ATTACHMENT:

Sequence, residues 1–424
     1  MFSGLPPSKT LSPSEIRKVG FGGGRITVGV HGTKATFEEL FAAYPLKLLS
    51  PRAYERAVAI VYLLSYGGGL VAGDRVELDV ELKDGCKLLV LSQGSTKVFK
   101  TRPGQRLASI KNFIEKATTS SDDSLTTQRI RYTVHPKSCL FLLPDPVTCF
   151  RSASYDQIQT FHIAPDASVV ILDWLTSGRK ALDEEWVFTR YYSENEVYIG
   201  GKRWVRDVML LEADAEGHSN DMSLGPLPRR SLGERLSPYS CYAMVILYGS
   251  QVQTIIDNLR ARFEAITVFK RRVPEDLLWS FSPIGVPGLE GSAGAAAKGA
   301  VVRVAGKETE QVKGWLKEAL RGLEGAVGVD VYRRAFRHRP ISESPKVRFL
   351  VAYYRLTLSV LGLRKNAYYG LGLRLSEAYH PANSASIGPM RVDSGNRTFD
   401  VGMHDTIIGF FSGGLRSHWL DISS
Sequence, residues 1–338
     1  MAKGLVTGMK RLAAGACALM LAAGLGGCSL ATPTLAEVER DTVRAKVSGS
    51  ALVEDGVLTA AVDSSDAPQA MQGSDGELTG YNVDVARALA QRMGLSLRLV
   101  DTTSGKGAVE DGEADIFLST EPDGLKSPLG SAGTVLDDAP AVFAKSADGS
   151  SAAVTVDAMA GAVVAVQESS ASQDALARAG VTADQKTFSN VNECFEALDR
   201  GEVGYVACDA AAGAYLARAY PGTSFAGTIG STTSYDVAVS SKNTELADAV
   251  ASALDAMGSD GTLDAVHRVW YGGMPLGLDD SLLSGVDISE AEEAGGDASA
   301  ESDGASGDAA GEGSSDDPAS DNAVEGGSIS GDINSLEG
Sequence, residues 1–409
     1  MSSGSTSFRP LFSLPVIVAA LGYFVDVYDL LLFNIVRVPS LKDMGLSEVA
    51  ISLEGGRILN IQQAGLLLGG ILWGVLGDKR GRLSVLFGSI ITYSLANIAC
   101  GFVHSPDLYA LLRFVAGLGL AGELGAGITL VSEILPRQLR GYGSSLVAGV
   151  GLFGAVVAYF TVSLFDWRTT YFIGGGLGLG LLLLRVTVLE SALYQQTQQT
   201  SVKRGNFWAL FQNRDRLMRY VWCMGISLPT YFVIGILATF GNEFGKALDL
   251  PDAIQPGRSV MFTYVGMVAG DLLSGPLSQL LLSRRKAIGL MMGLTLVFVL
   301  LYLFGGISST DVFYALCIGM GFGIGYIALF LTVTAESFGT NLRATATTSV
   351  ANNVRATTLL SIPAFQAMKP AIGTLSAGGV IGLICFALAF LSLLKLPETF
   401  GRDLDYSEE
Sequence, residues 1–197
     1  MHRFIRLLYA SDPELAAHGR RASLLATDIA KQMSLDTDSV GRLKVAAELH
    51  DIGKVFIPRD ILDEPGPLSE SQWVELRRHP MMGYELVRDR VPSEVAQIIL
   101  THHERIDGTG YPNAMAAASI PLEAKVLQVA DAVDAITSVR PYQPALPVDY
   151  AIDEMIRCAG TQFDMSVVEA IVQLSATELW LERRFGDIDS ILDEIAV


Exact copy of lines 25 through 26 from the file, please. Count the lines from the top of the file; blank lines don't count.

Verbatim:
   251  PDAIQPGRSV MFTYVGMVAG DLLSGPLSQL LLSRRKAIGL MMGLTLVFVL
   301  LYLFGGISST DVFYALCIGM GFGIGYIALF LTVTAESFGT NLRATATTSV